In the event of a nuclear disaster, how can a state protect its citizens and armed forces, and what are the most critical behavior patterns for citizens?
TEL AVIV, ISRAEL, October 26, 2022 /EINPresswire.com/ — During 2022, Europe’s usually calm and serene skies were covered with clouds of war. As citizens living in the countries surrounding Russia and Ukraine hear implied threats about the use of “tactical weapons”, Impertech decided to offer the necessary information and equipment to ensure the safety and sense of security of civilians.
It is fair to say that a radioactive disaster can happen at any given time, however, during the war involving nuclear-armed countries, the fear of such a disaster increases. Unstable conditions, bombing and gunfire near nuclear power plants, misidentification, falling from a stray missile become more likely. These days, there are indications of an increased risk of deliberate bombing with the intention of causing environmental damage that will lead to the end of the campaign in Eastern Europe.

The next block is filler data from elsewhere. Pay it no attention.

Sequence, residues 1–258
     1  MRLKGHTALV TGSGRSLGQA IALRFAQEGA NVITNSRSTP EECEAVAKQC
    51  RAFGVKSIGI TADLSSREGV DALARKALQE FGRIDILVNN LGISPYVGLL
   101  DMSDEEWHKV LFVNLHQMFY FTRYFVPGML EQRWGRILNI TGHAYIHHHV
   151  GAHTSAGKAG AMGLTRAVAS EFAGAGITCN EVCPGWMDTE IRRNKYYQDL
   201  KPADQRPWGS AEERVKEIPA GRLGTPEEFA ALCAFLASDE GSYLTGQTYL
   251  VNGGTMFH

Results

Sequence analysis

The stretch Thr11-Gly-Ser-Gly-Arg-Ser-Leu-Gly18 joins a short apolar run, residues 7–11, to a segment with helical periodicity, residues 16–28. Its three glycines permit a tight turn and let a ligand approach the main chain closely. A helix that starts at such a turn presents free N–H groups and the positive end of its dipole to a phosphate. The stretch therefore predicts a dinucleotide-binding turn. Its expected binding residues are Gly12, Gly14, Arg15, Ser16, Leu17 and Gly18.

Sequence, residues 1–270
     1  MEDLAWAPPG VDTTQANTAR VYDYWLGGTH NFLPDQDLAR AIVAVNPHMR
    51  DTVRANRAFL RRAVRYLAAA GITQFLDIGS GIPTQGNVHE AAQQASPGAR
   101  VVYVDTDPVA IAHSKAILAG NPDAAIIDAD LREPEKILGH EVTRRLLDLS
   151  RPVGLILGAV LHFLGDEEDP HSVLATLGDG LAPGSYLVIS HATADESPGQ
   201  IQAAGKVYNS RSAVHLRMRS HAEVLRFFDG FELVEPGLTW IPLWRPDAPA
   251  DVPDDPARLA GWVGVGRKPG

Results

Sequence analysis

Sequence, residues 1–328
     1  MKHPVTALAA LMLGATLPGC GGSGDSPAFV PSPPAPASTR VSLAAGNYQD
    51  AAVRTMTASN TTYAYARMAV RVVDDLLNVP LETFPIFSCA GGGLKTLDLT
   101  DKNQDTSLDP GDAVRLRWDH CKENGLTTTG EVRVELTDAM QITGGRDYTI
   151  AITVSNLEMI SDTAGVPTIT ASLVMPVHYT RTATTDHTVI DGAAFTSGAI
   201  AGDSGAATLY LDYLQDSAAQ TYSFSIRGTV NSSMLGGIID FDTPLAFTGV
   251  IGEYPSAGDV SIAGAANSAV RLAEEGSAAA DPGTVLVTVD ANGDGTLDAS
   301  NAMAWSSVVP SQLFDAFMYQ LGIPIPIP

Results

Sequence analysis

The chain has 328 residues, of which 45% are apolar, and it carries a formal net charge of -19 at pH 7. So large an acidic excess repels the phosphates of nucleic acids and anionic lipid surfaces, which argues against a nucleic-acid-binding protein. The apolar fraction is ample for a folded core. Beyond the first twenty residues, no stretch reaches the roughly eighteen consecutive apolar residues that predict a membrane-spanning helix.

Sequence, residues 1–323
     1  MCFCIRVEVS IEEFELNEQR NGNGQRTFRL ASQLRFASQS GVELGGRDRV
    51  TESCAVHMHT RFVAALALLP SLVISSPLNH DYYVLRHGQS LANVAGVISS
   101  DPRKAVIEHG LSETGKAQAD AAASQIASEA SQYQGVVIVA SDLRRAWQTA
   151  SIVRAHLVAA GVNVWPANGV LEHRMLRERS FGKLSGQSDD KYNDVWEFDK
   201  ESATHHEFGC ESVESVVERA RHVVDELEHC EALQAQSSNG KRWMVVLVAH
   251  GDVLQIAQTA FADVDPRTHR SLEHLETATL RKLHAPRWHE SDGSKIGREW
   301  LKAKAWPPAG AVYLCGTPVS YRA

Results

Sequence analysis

Those of us who are old enough can remember the Chernobyl nuclear disaster and its serious repercussions throughout the European continent. Residents within a 30 km radius were evacuated, thousands became ill with radiation sickness, and in the long term, an increase in the incidence of cancer has been observed.
The biggest challenge with radioactive contaminants is that they carry a radioactive load that remains in the air and is very difficult to remove. The radioactive load “settles” on dust and water particles and spreads with them over large areas; it sinks to the ground, from where it can be dispersed with the help of the wind or penetrate and contaminate the soil and groundwater.
Anyone living in an environment affected by radioactive waste particles is at risk of contaminating their organs and thus serious health risks. In the short term, this leads to radiation syndrome and, in the long term, an increased risk of cancer. High levels of exposure, without proper safety measures or treatment, will lead to death.
In addition, the radioactive load damages the skin membranes, causes burns and enters the body through the eyes, so it is essential to protect the face and body.
There are two main defense measures that can be applied to a large population. Medical treatment: which protects internal organs from damage from radiation that enters the body through the respiratory system, and wearable protective equipment that prevents contaminated particles from entering the body and adds an outer layer of protection for the skin and organs. eyes.
Medical treatment: it is an urgent and crucial first response to minimize radiation damage.